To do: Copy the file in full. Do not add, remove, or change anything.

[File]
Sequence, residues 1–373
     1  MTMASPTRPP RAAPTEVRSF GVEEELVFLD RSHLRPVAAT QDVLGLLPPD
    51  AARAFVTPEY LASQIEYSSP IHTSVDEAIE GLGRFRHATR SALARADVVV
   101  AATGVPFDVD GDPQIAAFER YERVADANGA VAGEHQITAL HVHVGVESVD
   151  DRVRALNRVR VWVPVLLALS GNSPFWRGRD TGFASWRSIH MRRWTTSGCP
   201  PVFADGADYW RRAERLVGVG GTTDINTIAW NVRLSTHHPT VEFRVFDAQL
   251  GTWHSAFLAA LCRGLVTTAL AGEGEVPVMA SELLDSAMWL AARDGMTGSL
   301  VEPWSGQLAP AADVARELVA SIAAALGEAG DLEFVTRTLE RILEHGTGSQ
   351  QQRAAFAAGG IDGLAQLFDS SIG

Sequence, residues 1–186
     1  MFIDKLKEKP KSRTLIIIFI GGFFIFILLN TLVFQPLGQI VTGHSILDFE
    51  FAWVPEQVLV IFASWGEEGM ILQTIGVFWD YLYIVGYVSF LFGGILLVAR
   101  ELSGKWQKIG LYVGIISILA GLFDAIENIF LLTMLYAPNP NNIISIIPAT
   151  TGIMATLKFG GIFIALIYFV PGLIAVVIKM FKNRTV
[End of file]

Sequence, residues 1–373
     1  MTMASPTRPP RAAPTEVRSF GVEEELVFLD RSHLRPVAAT QDVLGLLPPD
    51  AARAFVTPEY LASQIEYSSP IHTSVDEAIE GLGRFRHATR SALARADVVV
   101  AATGVPFDVD GDPQIAAFER YERVADANGA VAGEHQITAL HVHVGVESVD
   151  DRVRALNRVR VWVPVLLALS GNSPFWRGRD TGFASWRSIH MRRWTTSGCP
   201  PVFADGADYW RRAERLVGVG GTTDINTIAW NVRLSTHHPT VEFRVFDAQL
   251  GTWHSAFLAA LCRGLVTTAL AGEGEVPVMA SELLDSAMWL AARDGMTGSL
   301  VEPWSGQLAP AADVARELVA SIAAALGEAG DLEFVTRTLE RILEHGTGSQ
   351  QQRAAFAAGG IDGLAQLFDS SIG

Sequence, residues 1–186
     1  MFIDKLKEKP KSRTLIIIFI GGFFIFILLN TLVFQPLGQI VTGHSILDFE
    51  FAWVPEQVLV IFASWGEEGM ILQTIGVFWD YLYIVGYVSF LFGGILLVAR
   101  ELSGKWQKIG LYVGIISILA GLFDAIENIF LLTMLYAPNP NNIISIIPAT
   151  TGIMATLKFG GIFIALIYFV PGLIAVVIKM FKNRTV